by Hrayr Attarian
Accordionist Richard Galliano is a true innovator of both the extemporized role of his instrument and of the fusion of French folk music with jazz. His breathtaking instrumental facility combined with a creative ingenuity makes his oeuvre, particularly the series of superb albums on Dreyfus Jazz, uniquely satisfying. In view of this, his release on the non-for-profit Resonance Label, Sentimentale is a bit of a letdown. A couple of Galliano compositions, and a few jazz, Bossa Nova and ...read more
by Chris May
A little accordion can go a long way. Its sound is a knife edge away from a dolorous monotone, and stubbornly resists modulation. It is no accident that Argentinian tango, the style indelibly associated with the instrument, typically deals with loss and bad luck. Few accordionists are able to cast off this baggage, but Richard Galliano is one who can.
An inventive, virtuoso performer with solid jazz chops, Galliano is at home with a variety of atmospheres, including ...read more
by Jakob Baekgaard
The beauty of music is in its ability to compress. A whole lifetime of emotions can be contained in a song. Music, in a way, is the most abstract way of speaking and yet it is also the most direct utterance one can think of. The same can be said of love. Love and music transcend time while still being situated in history. Love that's here today can be gone tomorrow.
Richard Galliano's Love Day can be heard ...read more
by Chris May
An energetic recording artist who since 2007 has been averaging three albums a year, accordionist Richard Galliano appears even more prolific because of the quick-fire diversity of contexts in which he places himself--solo, with his Tangaria quartet, with European and American jazz groups ranging from duos to larger lineups, and with strings. Between them, Galliano's albums have embraced tango, jazz, chanson and the classics. In a long career as leader however, he has never recorded with a big band--until now ...read more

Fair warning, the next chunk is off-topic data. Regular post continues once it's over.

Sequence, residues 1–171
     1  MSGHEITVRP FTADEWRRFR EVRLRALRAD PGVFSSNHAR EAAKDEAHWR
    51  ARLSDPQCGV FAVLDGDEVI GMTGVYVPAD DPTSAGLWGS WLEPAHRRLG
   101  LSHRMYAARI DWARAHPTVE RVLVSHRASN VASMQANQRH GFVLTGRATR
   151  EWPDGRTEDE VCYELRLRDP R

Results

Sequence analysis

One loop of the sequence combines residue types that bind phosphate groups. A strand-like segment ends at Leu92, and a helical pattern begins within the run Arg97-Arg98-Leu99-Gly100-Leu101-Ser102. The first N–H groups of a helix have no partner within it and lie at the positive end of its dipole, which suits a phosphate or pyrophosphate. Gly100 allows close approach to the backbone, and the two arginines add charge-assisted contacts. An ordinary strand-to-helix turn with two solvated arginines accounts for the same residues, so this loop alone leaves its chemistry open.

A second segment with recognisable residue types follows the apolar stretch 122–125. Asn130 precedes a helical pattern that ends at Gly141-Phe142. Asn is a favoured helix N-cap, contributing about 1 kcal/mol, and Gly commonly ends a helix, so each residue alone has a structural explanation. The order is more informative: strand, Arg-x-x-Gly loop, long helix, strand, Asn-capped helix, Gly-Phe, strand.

by Chris May
French-Italian accordionist Richard Galliano began recording for the Milan label in the mid-2000s, since when he's released two tango-based albums, Luz Negra (Milan, 2007) and Live In Marciac (Milan, 2007), made with his Tangaria Quartet. Galliano's Love Day: Los Angeles Session finds him returning to another love, new musette, a jazz-inflected recalibration of the bal-musette cafe music developed by French and Italian musicians in late 19th century Paris.Love Day: Los Angeles Sessions is bal-musette with a further twist ...read more
by Chris May
Accordionist Richard Galliano's Tangaria Quartet made its studio debut earlier this year with the thrilling Luz Negra (Milan Records, 2007), recorded in Brazil. The group's warm-up gig for those sessions happened a month earlier, in August 2006, at France's Marciac Festival, and, happily, the performance was recorded.
Like the studio set, Live In Marciac 2006 is a fiery, foot-on-the-accelerator mix of valse musettes, straight-ahead jazz, tunes derived from European and South American folk songs, a handful of tangos ...read more
by John Kelman
Fifteen years after his death, tango legend Astor Piazolla's influence continues to be felt. Both accordionist Richard Galliano and vibraphonist Gary Burton have released tributes to the late composer/performer, and so it's no surprise that the two have joined up to mine Piazolla's music and more on If You Love Me (L'Hymne Ã L'Amour). They explore the paradoxical romanticism and melancholy of tango, but also delve into music as far-reaching as singer Edith Piaf, composer J.S. Bach and pianist Bill ...read more